Once lockdown ended in the summer and racing reignited, United Autosports banked a remarkable unbeaten run in the Michelin Le Mans Cup, the ELMS in both LMP2 and LMP3 and most notably in the World Endurance Championship. The LMP2 Le Mans class win delivered by Paul di Resta, Filipe Albuquerque and promising young Brit Phil Hanson just a couple of weeks after our visit marked the trio’s fourth consecutive victory at this rarefied level and also clinched United’s first world championship. Brown hasn’t yet tasted a victory in his ‘day job’ as CEO of McLaren’s Formula 1 team, but he sure savoured this one. On the back of it all, you can’t help wondering what might come next.
“I’m not sure I’ve got the energy to be any more ambitious than what we’ve already got on our plate,” smiles Dean. “But what will happen is Zak and I will sit down over a glass of red wine and I’ll come out with a new project and idea to work on.” They must get through a few bottles, given how much they’ve already committed to for 2021.
The headline is a collaboration with Michael Andretti’s Formula E team that will make United one of eight founding entrants – along with Lewis Hamilton and Nico Robserg – in the new Extreme E electric SUV off-road initiative. The five-event series, which places environmental action and awareness at the top of its agenda, kicks off in January. The Andretti United team will run out of the former’s Banbury Formula E base. “The tag line is ‘Race without a trace’,” says Dean, who was convinced of the concept while sitting next to founder Alejandro Agag at an awards ceremony. “The racing is a small part of the programme. The documentary series they will make on the places we are going, and why from an environmental point of view, is key. They have this legacy programme; if they go to the Amazon it’s to a part of the rainforest that has already been cut down, and when they leave they plant 200 hectares of new rainforest.”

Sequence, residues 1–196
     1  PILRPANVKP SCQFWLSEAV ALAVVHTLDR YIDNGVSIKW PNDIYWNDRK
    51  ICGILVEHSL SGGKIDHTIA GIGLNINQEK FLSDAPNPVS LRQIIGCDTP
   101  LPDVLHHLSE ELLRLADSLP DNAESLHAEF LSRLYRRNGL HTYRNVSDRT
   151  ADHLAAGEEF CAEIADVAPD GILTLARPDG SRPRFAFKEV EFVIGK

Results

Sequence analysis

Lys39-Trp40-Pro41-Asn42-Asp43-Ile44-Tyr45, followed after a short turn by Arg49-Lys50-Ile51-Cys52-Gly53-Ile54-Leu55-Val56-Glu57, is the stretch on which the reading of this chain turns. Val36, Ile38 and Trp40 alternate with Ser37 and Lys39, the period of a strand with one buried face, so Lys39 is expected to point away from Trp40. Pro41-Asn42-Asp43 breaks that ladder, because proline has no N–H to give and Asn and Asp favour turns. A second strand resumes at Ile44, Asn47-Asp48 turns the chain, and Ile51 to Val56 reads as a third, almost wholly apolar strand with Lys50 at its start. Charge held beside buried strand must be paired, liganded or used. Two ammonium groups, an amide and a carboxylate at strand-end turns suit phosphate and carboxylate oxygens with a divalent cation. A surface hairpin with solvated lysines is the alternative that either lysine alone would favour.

The team has also acquired another base at Silverstone that was formerly the home of disbanded sports car team Strakka Racing, and will run a pair of McLaren 570S GT4s in the category’s European series, marking a return to the form of racing in which United began. The McLaren link is no surprise – and it would hardly be a shock if one day soon it’s United that takes the 1995 Le Mans winner back to La Sarthe in the new Hypercar/LMDh era. Dean isn’t shy about acknowledging how the new categories open up possibilities to bid for an overall Le Mans victory, even if he’s careful to stop short of name-checking McLaren.
“Currently there is nothing above LMP2 in my mind,” he says. “Toyota might disagree, but we can’t go and compete with them in LMP1. But that top class is about to get shaken up and hopefully that means teams like ours can have a realistic opportunity. That is the ultimate ambition, to end up in the LMDh class for the world championship and perhaps even an IMSA programme.”
The smart, new facility would surely impress any manufacturer eyeing a partner for a Le Mans bid, especially one that has born such success in LMP2, the category upon which the LMDh cars will be based. It all makes sense for United. “There are a lot of good race teams that we have aspired to match,” says Dean, who credits the new factory as the key to his team’s recent run of success – even if moving in just as a global pandemic broke gave him a few unforeseen nightmares. “But we don’t want to be just another race team. Without being too cocky, we want to be a little more and to do it you need a facility like this. If we want to attract a manufacturer who wants to go into LMDh, you’ve got to have a facility and personnel to match that ambition.”